The first feature from a Newcastle-based film-maker draws inspiration from his time in UK indie bands. Wendy Mitchell reports.
About a year ago UK film-maker Ashley Horner was facing a tough time in preparation for his first feature, The Other Possibility. 'Trying to prep the week's shoot in Berlin during the (football) World Cup was fairly tough - with no money, temperatures of 35 degrees (95 degrees Fahrenheit) and just a borrowed bicycle to get me around town,' he recalls.
The situation is looking much better now as the feature is nearly complete and Horner and his partner in Pinball Films, Michael Mitchell, are travelling to Cannes to meet with sales agents and distributors.
The Other Possibility follows a young German music journalist, who travels to the UK in search of her father's identity.
The story lets Horner draw on his experience as a former member of UK indie bands such as Pale Saints and Edsel Auctioneer. 'I have a strong understanding of the world of music, which is where some of this story is set,' he explains. But the story also has a wider resonance. 'It's about setting out to chase a dream and discovering that when the dream comes true it may not be what you want or need.'
Horner and Mitchell, set up their production company, Pinball Films, in 1999 in the north-eastern English town of Newcastle. They have produced more than a dozen shorts (including Horner's Rob Of The Rovers), so the time was right for their first feature.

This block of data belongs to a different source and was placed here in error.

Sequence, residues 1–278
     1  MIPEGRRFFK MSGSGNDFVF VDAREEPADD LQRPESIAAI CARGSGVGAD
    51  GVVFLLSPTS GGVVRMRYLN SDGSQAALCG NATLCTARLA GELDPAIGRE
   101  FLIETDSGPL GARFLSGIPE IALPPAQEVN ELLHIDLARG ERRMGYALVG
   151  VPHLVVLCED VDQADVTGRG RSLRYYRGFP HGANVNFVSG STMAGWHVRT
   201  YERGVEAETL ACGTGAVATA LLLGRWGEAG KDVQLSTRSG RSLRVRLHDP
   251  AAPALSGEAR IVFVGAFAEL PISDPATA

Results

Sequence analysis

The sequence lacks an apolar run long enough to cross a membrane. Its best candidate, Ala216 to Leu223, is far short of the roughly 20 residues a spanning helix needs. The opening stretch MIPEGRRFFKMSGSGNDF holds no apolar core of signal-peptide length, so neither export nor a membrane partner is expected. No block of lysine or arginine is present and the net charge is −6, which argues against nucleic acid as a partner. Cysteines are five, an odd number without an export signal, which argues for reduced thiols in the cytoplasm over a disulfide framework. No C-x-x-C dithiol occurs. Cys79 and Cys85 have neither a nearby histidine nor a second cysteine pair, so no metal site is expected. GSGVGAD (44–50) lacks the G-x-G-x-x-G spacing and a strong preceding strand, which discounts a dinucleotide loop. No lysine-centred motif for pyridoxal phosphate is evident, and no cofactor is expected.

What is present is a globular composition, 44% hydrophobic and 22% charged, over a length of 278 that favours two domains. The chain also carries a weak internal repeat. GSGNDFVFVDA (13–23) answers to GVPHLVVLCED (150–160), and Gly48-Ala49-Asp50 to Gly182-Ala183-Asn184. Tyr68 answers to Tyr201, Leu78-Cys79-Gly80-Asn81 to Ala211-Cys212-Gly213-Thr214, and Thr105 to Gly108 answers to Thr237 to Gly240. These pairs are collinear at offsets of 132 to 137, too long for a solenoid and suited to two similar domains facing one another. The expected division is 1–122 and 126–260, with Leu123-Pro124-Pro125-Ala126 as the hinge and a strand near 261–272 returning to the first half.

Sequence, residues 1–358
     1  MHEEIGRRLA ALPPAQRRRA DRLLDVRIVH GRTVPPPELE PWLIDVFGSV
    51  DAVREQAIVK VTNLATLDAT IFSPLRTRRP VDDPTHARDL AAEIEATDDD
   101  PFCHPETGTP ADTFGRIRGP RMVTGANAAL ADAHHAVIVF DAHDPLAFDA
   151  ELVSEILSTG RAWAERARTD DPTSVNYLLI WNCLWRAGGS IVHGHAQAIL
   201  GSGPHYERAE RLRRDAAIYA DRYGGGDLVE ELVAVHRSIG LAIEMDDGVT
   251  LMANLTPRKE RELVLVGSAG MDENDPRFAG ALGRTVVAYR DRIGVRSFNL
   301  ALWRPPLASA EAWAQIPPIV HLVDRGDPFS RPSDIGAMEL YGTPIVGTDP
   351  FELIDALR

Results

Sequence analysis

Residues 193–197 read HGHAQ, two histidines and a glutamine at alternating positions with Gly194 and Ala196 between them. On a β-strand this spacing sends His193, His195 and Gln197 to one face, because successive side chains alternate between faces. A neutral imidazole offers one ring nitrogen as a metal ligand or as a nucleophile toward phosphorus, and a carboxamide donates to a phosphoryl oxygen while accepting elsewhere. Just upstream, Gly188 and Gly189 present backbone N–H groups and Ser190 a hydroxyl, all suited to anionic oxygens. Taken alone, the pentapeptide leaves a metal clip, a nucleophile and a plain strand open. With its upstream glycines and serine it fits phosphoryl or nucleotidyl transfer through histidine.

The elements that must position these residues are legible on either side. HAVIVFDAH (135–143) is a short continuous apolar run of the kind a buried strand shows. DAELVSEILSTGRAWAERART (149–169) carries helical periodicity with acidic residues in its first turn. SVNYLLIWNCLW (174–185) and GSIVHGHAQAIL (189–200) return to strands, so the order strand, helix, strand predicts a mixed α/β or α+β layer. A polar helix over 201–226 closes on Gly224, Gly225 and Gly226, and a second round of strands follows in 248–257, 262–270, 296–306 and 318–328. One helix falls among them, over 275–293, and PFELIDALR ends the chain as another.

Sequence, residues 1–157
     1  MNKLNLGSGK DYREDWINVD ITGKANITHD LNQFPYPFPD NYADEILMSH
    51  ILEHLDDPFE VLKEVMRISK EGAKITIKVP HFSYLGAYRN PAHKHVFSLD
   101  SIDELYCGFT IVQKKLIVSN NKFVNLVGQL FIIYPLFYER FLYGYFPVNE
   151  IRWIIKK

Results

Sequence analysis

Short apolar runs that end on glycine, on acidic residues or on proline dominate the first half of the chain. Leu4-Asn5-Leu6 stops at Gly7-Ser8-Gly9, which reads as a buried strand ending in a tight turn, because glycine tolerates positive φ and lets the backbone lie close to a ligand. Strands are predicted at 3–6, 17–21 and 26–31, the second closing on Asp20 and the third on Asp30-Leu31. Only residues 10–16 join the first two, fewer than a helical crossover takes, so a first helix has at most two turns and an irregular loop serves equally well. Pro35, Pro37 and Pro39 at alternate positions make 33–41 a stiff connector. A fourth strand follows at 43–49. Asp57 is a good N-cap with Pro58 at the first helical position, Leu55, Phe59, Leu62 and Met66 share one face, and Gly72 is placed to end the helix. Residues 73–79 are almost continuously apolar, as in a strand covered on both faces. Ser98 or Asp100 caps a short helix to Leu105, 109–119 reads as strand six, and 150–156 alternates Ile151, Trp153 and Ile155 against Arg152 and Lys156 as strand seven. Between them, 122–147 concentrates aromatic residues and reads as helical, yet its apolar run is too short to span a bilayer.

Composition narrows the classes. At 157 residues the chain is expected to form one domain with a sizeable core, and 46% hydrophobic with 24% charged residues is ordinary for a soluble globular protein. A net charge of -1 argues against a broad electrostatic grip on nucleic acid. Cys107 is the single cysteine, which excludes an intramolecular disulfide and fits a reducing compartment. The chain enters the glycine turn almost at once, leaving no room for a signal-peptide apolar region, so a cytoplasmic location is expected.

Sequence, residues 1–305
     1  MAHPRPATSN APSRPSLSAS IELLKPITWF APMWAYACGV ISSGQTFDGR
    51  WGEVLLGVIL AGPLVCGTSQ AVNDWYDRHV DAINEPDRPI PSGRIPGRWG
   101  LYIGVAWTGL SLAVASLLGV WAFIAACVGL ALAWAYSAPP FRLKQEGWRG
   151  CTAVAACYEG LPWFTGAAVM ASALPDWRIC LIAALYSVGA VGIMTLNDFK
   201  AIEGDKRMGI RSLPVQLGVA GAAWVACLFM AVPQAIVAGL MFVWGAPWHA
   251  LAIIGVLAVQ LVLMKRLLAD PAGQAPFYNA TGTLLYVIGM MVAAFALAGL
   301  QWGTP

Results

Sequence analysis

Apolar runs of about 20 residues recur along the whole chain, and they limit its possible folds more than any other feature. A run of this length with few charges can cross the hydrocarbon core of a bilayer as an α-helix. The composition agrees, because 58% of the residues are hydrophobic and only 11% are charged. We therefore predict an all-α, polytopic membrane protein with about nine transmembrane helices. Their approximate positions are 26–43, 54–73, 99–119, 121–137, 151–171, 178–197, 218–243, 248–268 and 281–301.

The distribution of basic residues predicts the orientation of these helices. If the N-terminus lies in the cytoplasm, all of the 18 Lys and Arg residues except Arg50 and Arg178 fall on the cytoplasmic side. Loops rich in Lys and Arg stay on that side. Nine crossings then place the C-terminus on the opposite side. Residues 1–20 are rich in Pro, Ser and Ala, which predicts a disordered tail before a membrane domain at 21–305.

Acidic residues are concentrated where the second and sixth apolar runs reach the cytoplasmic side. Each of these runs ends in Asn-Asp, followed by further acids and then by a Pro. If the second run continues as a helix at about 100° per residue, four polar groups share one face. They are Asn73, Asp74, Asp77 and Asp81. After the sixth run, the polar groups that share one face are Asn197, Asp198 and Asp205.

After a few years working on-and-off on Peter Dillon's script, within 12 months the project was financed and shooting. The funding for the low-budget film came from private equity, an equipment deal, and regional agency Northern Film & Media.
With rising German actress Nora von Waldstatten (Low Profile) in the lead, the film shot for 23 days in Newcastle and Berlin in summer 2006.
Working without much money also meant working without much time. 'The main constraint with low-budget film-making is time,' Mitchell says. 'Time for prep, time during the production, and time in post. Getting smart with the script early on is the best way to get the most for your budget.'
At Pinball, Horner and Mitchell develop projects individually - Horner says at the moment he is looking for personal, sub-cultural stories, while Mitchell is looking towards bigger international projects.
Mitchell says: 'Ashley and I have workedtogether for many years and we seem to have a strong understanding of each other's strengths. Also after so many years, ego israrely a problem as we are both striving for the same thing - strong cinematic stories told in an interesting way.'
Next for Horner will be an erotic drama called Fuckart, which he is developing with writer Sean Conway. Mitchell has several larger-budget films in early development, including a caper film, a horror project and a comedy.
They see their home in Newcastle as a plus not just for lower costs but for creativity as well. 'It means that you look further than your doorstop for stories, and spend more time watching and operating within Europe and the European tradition of cinema,' Horner says.